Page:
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Stop this spin on nuclear liability law!

Maybe, Justice Markandey Katju, chairman of the Press Council of India has a point – India needs a media regulatory framework. Katju pointed out how ill-equipped are our journalists intellectually and otherwise to handle complex issues. Take, for instance, the new rules that have been formulated by the government on the nuclear liability law.

The spin doctors of the government are already at work to convey the impression that the new rules in no way erode the provisions of the nuclear liability law. To be sure, in the coming days, we will have to depend heavily on the western media to comprehend what is happening. 
Read the Bloomberg report. It says the government is wooing the GE and Westinghouse by framing rules that meet these firms’ demands. Areva of France has welcomed the rules already!  
Again, read the WSJ report from Delhi. It says this is a move to “allay the concerns” of the American companies. 
Hopefully, a regulatory framework will protect the Indian media from the government spin also. It needs gumption to cliam that on the eve of PM Manmohan Singh’s pow-vow with US President Barack Obama in Bali, the government flexed its muscles and told off the Americans! Who do they think they are – these nameless, faceless bureaucrats – to dish out such crass disinformation, assuming that Indian journalists (and we Indians who read them) are a bunch of morons?  

Posted in Diplomacy.

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2 Responses

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  1. Venkat says

    I would agree with author on this one. The UPA government has not been sharing proper information to Indian public regarding the Nuclear deal. The way , they went ahead and signed the deal, keeping important information about Indian public, the way the goal posts of the deal was allowed to be changed, was unbecoming of a democractic government.

    Our media never held the government to account for all these lapses.
    Along with regulation of media. there should also be a regulation to probe funding sources of media. There have been lots of blogs alleging, that most of the media is foreign owned, albeit indirectly. The truth whatever it is should come out on this respect, as it directly impacts national security.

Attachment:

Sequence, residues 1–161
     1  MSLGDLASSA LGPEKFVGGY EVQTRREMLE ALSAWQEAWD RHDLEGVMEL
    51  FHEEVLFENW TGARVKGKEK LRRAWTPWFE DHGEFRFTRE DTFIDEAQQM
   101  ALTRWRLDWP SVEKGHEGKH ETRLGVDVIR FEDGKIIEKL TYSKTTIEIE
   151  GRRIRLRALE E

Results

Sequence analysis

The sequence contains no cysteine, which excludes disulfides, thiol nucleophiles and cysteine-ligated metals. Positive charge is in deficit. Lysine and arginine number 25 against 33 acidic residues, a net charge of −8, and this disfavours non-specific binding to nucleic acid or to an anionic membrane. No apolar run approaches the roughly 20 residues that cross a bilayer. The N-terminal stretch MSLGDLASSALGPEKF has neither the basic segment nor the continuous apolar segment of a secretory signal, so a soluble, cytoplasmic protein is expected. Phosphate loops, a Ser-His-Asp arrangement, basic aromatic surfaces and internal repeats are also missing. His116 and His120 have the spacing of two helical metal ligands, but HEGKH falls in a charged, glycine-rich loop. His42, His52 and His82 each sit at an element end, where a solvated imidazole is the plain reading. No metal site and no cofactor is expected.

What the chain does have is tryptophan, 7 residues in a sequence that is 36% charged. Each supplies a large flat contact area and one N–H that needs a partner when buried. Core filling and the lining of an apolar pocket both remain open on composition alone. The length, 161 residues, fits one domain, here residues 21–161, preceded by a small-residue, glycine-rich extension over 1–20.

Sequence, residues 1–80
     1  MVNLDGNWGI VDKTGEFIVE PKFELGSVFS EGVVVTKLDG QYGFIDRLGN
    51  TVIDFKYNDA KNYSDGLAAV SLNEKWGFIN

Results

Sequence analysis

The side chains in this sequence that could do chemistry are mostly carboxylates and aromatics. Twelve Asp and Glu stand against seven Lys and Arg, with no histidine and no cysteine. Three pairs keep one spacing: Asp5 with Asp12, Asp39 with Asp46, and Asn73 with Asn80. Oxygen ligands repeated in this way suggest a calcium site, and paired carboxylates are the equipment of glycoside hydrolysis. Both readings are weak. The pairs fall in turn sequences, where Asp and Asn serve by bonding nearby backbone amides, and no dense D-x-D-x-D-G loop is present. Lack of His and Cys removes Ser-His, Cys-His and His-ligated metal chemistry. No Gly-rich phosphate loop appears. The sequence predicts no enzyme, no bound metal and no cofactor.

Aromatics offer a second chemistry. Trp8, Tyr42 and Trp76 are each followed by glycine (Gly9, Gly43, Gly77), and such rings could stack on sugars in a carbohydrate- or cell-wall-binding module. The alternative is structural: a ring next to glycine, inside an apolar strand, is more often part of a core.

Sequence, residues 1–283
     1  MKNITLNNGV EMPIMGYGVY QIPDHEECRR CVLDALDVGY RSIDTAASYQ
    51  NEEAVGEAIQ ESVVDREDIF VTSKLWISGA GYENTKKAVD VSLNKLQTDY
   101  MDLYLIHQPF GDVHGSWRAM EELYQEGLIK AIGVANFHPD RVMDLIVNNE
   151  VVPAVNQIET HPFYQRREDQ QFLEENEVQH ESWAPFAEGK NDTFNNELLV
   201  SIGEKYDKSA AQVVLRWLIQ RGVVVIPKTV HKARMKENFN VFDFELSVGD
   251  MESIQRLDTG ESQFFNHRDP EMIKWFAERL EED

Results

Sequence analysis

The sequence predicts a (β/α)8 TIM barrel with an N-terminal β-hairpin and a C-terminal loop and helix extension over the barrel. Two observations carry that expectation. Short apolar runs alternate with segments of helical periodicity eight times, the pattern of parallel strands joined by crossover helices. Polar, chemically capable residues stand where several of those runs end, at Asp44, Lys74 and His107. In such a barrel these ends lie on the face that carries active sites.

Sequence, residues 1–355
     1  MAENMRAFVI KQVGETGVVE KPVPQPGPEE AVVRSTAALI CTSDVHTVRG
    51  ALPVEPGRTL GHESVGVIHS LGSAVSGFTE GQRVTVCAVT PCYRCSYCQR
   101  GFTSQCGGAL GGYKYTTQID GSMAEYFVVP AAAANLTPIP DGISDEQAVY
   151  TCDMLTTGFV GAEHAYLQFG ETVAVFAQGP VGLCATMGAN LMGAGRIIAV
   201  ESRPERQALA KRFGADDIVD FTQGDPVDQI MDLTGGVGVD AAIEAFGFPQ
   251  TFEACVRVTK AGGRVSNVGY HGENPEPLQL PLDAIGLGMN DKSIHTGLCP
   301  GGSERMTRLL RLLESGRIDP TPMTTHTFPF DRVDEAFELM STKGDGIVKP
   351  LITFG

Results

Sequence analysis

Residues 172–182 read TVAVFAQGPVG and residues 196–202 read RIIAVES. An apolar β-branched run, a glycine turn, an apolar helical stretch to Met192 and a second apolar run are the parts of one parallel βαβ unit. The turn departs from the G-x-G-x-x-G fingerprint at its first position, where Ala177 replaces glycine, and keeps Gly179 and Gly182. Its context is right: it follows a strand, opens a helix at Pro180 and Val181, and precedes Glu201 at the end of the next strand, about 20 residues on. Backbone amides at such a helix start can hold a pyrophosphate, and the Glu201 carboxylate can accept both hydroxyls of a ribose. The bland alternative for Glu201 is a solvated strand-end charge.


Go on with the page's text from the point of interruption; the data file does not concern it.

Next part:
2. tick says

    Rethink with a wiff of clarity
    ——————————-
    The context for law making here is to protect the people living in the place where a N-plant would be built. This needs laws which impose a requirement on the owner of the plant. Law making which imposes norms on supplier to the plant owner is interferece with management policy making of the owner. It is upto the plant operator to negotiate as they deem fit in order to ensure legal compliance in terms of passing down the risk.

    It is true that presently plant operators are all govt owned, even then the policy making is better left to concerned PSU or to its Ministry. The Soviet style law making here has been opposed even by Russians!

    When it comes to international suppliers, it is difficult to enforce law, Bhopal Gas tragedy confirms it. Therefore ratification of international laws in order to establish jurisdiction of Indian courts is necessary. To level the playig field, the applicability of these international norms can be extended to domestic supplier as well. This enables evolution of technology as well consumer protection compensation laws conforming to latest international trends. Such an approach would be consistent with Free Enterprise model in a Market Economy.

    A parallel can perhaps be drawn for our present approach to law making in this domain with the stance of Chinese regarding South China Sea. They insist on applicability of national laws where international laws ought to apply.

    Ofcourse, similar confusion prevails in US law making setup, but here US can often juslty claim to be pioneers in such law makig, and that international laws followed suit. The conflicts in US domestic laws and international laws is surely a drag on their investment climate which is particularly evident in their nuclear industry. We can not afford such an impasse.

    The efforts to dilute the provisions of the law may enable suppliers to do business by taking it in strides, but it remains an unsound legal policy.

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